In early 2005, a young Cambodian monk named Rann Reuy was curious about the Khmer Rouge. He never learned about them in school—state censorship kept them out of the textbooks—but he’d done some of his own reading. He knew that the Khmer Rouge were a band of Communist purists who took control of Cambodia in April 1975 and promptly evacuated the cities, forcing the population to try out some of Mao’s worst agricultural ideas in rice paddies that would become known as the killing fields. He knew that after three and a half years of their rule, as many as two million Cambodians were dead, by starvation or execution. He knew that Pol Pot, who died in 1998, had been Brother Number One, and Nuon Chea, the party’s chief ideologue and supervisor of its brutal security system, had been Brother Number Two. He wanted to learn more. So he went to Pailin, a remote municipality along the Thai border, where old Khmer Rouge were known to retire in peace.
“When I reached Pailin,” Rann Reuy, now a journalist, said recently, “one of the monks said that Nuon Chea and his wife came to the pagoda on every holy day. I was so interested I asked him, ‘Could you one day guide me to meet him?’ He said, ‘Why not?’”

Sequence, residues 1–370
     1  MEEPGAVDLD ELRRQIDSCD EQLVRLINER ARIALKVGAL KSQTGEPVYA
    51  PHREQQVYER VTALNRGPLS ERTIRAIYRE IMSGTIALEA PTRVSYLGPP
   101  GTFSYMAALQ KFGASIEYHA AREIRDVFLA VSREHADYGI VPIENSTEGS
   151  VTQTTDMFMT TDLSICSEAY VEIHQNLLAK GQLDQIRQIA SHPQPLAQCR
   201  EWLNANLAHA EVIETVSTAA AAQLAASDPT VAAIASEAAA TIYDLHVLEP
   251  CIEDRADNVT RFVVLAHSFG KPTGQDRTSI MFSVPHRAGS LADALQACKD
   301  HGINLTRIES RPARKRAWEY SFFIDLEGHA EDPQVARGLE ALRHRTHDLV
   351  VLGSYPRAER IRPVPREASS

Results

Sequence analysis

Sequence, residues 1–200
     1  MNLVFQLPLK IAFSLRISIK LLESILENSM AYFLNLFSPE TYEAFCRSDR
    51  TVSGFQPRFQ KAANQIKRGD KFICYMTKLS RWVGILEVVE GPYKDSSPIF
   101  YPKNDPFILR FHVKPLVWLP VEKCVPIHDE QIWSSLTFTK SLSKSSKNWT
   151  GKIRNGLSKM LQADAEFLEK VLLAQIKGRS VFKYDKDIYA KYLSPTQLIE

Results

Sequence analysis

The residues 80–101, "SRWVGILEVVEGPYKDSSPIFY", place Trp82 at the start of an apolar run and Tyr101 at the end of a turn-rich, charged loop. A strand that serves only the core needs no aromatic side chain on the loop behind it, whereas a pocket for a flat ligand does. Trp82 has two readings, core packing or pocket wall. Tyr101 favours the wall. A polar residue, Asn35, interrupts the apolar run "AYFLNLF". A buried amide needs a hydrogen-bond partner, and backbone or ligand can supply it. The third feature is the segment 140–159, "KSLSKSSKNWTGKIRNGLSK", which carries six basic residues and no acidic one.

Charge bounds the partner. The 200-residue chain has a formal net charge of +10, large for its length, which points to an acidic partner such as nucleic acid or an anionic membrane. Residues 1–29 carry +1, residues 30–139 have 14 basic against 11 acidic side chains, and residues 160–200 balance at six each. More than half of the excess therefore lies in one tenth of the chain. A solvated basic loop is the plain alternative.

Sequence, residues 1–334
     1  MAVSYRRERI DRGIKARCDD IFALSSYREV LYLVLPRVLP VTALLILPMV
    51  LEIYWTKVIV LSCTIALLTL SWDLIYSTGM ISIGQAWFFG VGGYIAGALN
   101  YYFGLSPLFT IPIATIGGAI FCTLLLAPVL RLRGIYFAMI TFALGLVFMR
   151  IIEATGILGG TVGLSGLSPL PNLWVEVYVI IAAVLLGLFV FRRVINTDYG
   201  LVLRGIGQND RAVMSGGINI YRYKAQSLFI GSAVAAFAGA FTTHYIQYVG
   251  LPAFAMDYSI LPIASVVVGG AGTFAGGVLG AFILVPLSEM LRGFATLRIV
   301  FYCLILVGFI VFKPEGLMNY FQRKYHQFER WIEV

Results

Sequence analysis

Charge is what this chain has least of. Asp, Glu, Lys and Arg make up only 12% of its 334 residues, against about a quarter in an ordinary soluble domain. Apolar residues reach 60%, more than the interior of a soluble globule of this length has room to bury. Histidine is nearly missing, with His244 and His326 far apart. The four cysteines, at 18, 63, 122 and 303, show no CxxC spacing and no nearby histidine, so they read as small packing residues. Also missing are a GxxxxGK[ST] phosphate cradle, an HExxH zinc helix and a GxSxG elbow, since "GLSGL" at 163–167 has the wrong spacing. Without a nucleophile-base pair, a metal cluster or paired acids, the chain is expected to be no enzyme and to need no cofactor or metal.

One morning in March, Rann Reuy approached Nuon Chea’s humble home, an elevated wooden shack with a corrugated tin roof. Nuon Chea welcomed Rann Reuy with a respectful bow. Ly Kimseng, Nuon Chea’s wife, made Rann Reuy a cup of hot Milo, and the monk and the Maoist settled into conversation. Nuon Chea was eager to talk religion.
“No other religion can compare to Buddhism,” Nuon Chea said, as Rann Reuy recalls it. “Buddhism teaches us right understanding, right living, right action, right concentration, right meditation. If all governments would follow Buddhism, no countries would ever have conflict.”
Rann Reuy was astonished. After all, as soon as the Khmer Rouge took power, they had executed as many of Cambodia’s senior and learned monks as they could and forcibly defrocked the rest. Most religious traditions were blotted out. The French priest and writer François Ponchaud recorded a 1975 Khmer Rouge directive: “If any worker secretly takes rice to the [monks], we shall set him to planting cabbages. If the cabbages are not full grown in three days, he will dig his own grave.” Two-thirds of Cambodia’s temples were destroyed; others were turned into pigsties or prisons. By the time the Khmer Rouge fell in early 1979, only a handful of monks remained.
In his youth, Nuon Chea told Rann Reuy, he was himself briefly a monk. He said he still observed the five Buddhist precepts, the first of which is a promise not to kill. Why, then, Rann Reuy asked him, was there so much killing during the time of his rule?
Nuon Chea did not hesitate to reply. “The killing was just disputes between the local people and local authorities,” he said. “The top people didn’t know. I didn’t know about that—I didn’t know at all.”
Rann Reuy could tell that Nuon Chea was annoyed by this line of questioning, but he persisted. If Buddhism is so admirable, he asked, why had the Khmer Rouge outlawed the monkhood?
Nuon Chea again answered quickly. “At that time the government policy was that all people had to farm, so the monks had to farm too,” he said. “All people were required to farm together to produce more products in Cambodia.”